The Stanton Social, 99 Stanton Street; 212-995-0099, as many courses (and friends) as you want; a la carte menu, plus Petrossian American caviar service.
Papatzul, 55 Grand Street, 212-274-8225, www.Papatzul.com), 3 courses,
$58.00 per person
The Harrison, 355 Greenwich Street (212-274-9310), 4 courses, $65
The Central Park Boathouse, East 72nd St. & Park Drive North (212-517-2233), 3 courses, $65
Sumile Sushi, 154 West 13th Street (212-989-7699), 4 courses, $70 includes “after dinner treats," complete with a mini pastry bag filled with whipped cream, chocolate sauce, and strawberries. Behave!
5 Ninth, 5 Ninth Avenue (212-929-9460), 3 courses, $75.00 Per Person
Aix Restaurant, 2293 Broadway, near 89th Street (212-874-7400), 3 courses $76/6 courses, $110 Per Person
Klee Brasserie, 200 Ninth Avenue, 3 courses “the essence of flowers,” $60 per person
The Little Owl, 90 Bedford Street, corner of Grove (212-741-4695), 4 courses, $80 per person.
L’Impero, 45 Tudor City Place (212.599.5043), four courses, $95 per person; seven courses, $135 per person. Both dinners come with Champagne and an assagino of the chef’s choice.
Wallsé, 344 West 11th Street (212-352-2300), five courses, $150 per person.
The Monday Room, 210 Elizabeth St., (212-343-7011), 6 courses, paired with fine Champagne, $150.
MY DINNER AT GUSTO
I don’t know about you all, but lately I feel very overscheduled, like there are just not enough hours in the day or days in the week. I want time to see my family, to hang out with my friends, my main man Craig. Then I need time to network, or at least try to make an attempt at some professional socializing. I need to take an hour for the gym. (Like the whites, it’s gotta be done.) I want to take classes. I want to teach classes. I want to volunteer and try to make a difference. And there are days when I just want to lay on my couch and watch a movie and order in sushi, or spend a whole day cooking. But lately, I feel stretched thin, like I need like ten days in my week. Cry me a river, I know, but I imagine that every one of you reading this feels the same way, if not worse, because many of you have a lot more going on than I do. We’re all juggling so many commitments and intentions and promises that there’s really no way to prevent some of those from hitting the floor—KERPLAT! Indeed, sometimes, despite the most genuine of intentions to honor all commitments—family, friends, relationship, gym, work—some of those plans end up on the cutting room floor.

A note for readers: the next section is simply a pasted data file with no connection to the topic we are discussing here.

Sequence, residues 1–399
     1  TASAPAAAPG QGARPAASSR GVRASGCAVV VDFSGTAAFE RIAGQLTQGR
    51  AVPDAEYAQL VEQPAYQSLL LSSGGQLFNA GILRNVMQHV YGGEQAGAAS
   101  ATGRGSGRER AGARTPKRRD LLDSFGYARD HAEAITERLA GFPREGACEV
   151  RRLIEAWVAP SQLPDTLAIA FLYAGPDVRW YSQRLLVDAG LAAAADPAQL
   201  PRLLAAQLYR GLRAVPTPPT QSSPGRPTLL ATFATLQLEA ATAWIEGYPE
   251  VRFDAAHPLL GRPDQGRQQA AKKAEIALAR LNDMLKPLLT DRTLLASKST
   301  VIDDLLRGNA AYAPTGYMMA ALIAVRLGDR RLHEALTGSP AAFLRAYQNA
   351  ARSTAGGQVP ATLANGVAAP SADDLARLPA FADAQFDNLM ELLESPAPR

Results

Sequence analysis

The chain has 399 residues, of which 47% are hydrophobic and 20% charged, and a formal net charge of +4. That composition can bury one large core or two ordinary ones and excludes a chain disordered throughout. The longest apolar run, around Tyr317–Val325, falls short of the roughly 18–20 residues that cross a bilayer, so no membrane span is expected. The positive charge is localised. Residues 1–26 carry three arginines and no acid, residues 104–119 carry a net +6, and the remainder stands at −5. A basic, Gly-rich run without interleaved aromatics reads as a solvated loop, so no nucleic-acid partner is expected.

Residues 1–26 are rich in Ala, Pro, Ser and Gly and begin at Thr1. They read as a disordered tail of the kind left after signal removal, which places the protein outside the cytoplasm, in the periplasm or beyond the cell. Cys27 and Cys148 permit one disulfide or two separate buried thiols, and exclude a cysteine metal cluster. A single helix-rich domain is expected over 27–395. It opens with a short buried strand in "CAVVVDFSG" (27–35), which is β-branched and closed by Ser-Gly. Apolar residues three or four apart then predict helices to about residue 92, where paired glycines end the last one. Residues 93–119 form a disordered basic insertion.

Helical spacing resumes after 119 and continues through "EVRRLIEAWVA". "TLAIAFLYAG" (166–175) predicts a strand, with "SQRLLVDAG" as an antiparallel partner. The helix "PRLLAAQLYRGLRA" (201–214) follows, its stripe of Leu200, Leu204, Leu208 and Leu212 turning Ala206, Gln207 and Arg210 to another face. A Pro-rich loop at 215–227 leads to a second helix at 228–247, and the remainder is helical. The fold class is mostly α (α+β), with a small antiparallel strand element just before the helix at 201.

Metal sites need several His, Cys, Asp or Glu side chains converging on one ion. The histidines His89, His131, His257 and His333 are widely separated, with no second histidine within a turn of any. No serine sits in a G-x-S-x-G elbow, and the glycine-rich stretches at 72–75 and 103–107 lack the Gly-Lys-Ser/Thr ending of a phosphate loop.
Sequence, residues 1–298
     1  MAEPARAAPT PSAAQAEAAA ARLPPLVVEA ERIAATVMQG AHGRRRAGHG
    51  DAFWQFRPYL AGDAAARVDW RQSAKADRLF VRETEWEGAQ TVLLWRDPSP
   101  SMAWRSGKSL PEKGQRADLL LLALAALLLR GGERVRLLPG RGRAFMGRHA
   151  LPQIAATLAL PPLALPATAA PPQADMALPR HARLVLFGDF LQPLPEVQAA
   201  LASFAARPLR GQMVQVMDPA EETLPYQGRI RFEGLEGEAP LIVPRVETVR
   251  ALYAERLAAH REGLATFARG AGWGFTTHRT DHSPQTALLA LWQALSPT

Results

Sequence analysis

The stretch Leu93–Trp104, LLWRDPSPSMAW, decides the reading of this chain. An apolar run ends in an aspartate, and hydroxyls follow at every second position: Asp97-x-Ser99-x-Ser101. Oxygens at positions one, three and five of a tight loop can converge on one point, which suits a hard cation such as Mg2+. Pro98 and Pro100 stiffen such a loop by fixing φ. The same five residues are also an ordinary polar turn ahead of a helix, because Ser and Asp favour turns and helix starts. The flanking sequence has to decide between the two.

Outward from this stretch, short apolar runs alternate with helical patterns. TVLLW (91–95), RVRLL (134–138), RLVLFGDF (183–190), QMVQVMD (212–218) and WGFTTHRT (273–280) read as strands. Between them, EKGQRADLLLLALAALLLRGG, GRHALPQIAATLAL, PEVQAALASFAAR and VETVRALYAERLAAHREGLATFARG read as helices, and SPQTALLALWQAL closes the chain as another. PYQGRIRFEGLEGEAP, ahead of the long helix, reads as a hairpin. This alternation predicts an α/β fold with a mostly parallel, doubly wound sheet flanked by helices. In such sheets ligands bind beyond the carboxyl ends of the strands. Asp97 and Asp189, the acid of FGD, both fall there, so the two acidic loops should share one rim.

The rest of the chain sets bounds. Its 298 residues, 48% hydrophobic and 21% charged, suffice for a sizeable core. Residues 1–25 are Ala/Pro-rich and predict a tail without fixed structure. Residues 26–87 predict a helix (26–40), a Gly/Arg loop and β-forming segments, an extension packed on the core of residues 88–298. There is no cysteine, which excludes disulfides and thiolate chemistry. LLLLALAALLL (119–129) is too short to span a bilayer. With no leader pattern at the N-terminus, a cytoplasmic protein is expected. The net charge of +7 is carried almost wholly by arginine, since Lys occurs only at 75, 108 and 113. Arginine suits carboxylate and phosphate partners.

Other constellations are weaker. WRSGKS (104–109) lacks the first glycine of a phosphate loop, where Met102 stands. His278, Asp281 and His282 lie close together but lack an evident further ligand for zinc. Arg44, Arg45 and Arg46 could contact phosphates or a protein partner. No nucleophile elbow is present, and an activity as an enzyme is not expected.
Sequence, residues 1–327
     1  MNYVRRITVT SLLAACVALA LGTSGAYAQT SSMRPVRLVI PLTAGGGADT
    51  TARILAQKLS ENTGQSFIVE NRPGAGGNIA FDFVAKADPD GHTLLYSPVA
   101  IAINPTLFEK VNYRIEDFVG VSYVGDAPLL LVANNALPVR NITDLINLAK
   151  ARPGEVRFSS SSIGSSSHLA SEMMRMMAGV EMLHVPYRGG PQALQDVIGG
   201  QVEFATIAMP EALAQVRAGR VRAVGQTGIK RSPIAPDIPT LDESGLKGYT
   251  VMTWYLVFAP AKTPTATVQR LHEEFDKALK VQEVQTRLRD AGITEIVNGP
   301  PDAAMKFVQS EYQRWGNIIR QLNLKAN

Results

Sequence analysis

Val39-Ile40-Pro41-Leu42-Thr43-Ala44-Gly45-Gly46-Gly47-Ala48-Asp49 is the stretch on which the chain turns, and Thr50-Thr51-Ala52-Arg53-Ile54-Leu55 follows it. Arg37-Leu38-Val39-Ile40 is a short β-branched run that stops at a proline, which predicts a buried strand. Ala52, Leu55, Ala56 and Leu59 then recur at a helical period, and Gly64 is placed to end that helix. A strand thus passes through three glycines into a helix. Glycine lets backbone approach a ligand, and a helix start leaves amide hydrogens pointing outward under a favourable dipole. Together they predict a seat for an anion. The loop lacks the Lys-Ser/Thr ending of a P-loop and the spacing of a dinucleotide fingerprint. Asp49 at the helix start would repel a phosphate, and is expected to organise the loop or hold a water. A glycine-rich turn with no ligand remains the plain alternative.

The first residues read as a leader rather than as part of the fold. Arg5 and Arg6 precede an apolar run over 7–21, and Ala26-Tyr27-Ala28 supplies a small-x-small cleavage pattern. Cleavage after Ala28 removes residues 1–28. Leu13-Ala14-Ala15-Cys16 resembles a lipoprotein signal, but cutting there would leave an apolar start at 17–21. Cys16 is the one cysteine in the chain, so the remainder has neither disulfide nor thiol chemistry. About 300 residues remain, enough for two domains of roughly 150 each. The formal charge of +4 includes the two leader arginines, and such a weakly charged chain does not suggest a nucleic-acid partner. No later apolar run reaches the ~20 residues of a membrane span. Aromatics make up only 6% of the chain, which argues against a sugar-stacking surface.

Case in point is the situation with my friend John DeLucie (who is now the chef at Waverly Inn). We’ve known each other forever, and early last year he and I were trying to get together to visit another mutual friend of ours, Amanda Freitag, who was then the chef of Sette in Brooklyn. My friend Jamie, who used to be a pastry chef and had worked with Amanda at Verbena and worked with John back in the day at Park Avalon, was also going to come. We thought we’d have a little reunion of sorts. Needless to say, despite our best efforts, we never made that joint trip out to visit Amanda. Then, this past September, about ten months from the time we initially discussed our dinner in Brooklyn, Amanda took over the kitchen at Gusto in Greenwich Village, just a few blocks from John at Waverly Inn. (She replaced chef Jodi Williams, who’s about to open Morandi, Sir Keith’s Italian kitchen around the corner from Gusto.) When we heard Amanda had moved to a restaurant in the city, Jamie and I again promised to visit her there. It took four months, but last week, we did. We wanted John to join us, but since he was in the throes of opening Waverly we knew he wouldn’t be able to join. We decided we’d visit Amanda on our own, and make a separate trip to see John.
So last week, after manicures and pedicures at Janna (some times I love being a girl), Jamie and I walked down the block to Gusto where we were seated in a cozy corner banquette by the bay window. The tables up by the windows afford sweeping views of the dining room, which is one the city’s most glamorous Italian restaurants. It is washed in black and white, a Fellini-esque palate interrupted only by the twinkle of a grand old Art Deco chandelier that casts a sexy pale over the room. Forget ubiquitous rusticity, this place is sleek—like a long, soft velvet glove pulled tight over a slender pale hand, all the way up to the elbow.
To match the décor, the crowd is divided between tables of chic women and seriously stylish boys who all appear to cleanse, exfoliate, tone, moisturize, rinse, and repeat, at least two times daily.